Top-notch cutting horses are expensive; the show entry fees are high; and buying and maintaining cows is costly. Many local clubs and NCAA affiliates offer shows for novice riders at a more affordable cost.
But, if you aim to compete at the big shows, you'll need to lay down a good chunk of change. In my following tips, I'm going to address cutting at the novice level and give you advice on how to participate without spending a fortune.
I suggest you watch some cutting events before putting in the money, effort, and time required to pursue the sport. Go to the National CuttingHorse Association's website to find an affiliate group in your vicinity.
If you can't find a group near you, and trailing your horse to the nearest affiliate isn't an option, call the closest chapter and ask about your area. Another good way to prepare is by watching instructional videos and reading books on cutting techniques--and to brush-up on your riding skills.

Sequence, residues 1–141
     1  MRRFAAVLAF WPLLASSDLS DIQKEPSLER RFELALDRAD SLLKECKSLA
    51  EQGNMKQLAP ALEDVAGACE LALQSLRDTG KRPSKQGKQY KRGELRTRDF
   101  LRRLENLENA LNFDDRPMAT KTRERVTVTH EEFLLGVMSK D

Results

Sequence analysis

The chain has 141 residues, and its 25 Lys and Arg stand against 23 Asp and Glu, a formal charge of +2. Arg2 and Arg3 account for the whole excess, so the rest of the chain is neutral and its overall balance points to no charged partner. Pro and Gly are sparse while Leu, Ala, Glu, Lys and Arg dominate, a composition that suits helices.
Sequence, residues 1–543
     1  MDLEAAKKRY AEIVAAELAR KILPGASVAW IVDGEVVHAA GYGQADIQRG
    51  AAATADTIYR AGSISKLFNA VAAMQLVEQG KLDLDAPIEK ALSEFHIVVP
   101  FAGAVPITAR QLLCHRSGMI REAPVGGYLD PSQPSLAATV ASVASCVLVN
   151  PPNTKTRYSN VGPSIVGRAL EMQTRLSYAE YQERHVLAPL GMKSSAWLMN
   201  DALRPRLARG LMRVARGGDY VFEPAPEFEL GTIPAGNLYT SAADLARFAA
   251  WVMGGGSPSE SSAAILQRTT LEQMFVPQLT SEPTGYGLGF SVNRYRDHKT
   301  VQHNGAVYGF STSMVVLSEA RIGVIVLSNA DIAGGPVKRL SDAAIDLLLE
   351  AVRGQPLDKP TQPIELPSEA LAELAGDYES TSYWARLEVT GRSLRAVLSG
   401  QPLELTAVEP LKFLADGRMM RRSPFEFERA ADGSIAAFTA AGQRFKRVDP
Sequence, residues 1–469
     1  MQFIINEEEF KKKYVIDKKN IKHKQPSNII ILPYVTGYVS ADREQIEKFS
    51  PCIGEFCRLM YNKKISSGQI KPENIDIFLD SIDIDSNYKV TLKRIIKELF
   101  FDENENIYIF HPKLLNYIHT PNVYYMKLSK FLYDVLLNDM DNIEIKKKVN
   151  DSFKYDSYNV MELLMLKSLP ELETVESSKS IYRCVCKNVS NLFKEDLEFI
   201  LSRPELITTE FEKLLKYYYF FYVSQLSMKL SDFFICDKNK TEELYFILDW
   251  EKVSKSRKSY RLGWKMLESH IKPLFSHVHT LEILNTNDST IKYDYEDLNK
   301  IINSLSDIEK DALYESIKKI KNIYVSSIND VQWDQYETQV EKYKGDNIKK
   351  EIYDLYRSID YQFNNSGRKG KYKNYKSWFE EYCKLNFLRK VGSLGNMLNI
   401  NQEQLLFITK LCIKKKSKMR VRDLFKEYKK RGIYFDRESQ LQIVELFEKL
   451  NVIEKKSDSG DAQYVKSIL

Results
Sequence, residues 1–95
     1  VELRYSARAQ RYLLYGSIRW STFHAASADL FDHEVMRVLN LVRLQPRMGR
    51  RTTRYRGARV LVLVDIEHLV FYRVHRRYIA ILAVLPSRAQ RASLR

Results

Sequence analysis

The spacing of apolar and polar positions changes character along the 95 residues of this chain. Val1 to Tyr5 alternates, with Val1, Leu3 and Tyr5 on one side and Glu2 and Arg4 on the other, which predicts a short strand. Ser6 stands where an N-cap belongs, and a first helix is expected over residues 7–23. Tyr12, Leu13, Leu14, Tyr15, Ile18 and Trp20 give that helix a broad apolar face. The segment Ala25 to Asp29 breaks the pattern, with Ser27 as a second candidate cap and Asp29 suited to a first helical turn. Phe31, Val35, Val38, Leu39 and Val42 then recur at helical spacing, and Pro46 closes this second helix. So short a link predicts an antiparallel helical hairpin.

A good trainer will give you constructive criticism to build your self-esteem and help you enjoy the sport. I also suggest you observe a prospective trainer's coaching techniques at a show to see how he works in a stressful environment.
Your trainer should also provide the facilities to practice, and help you determine what tack is best for your horse (more on this below). If you're looking to buy a new horse, specifically for cutting, seek the expertise of your trainer.
At novice shows, pay attention to the caliber of the competitors' horses and consider one similar. A horse with 'cow sense' means he recognizes a cow and is willing to pursue it with interest.
If your current horse fits the bill athletically--he's sound, agile, and adequately muscled for quick movements--you can most likely train him to cut well enough to compete in novice. If you aspire to compete in the big shows, look for a horse that has at least some cutting blood, and one who's been introduced and trained with cows as a youngster.
But, even if you're showing at the novice level, your horse needs the athletic ability to move and turn quickly, meaning he's well (but not overly) muscled, and he's flexible and supple through his front and hind ends. So, if you have a great Western pleasure horse or a reliable trail mount, don't assume he'll pick up cutting as well as he does his other job.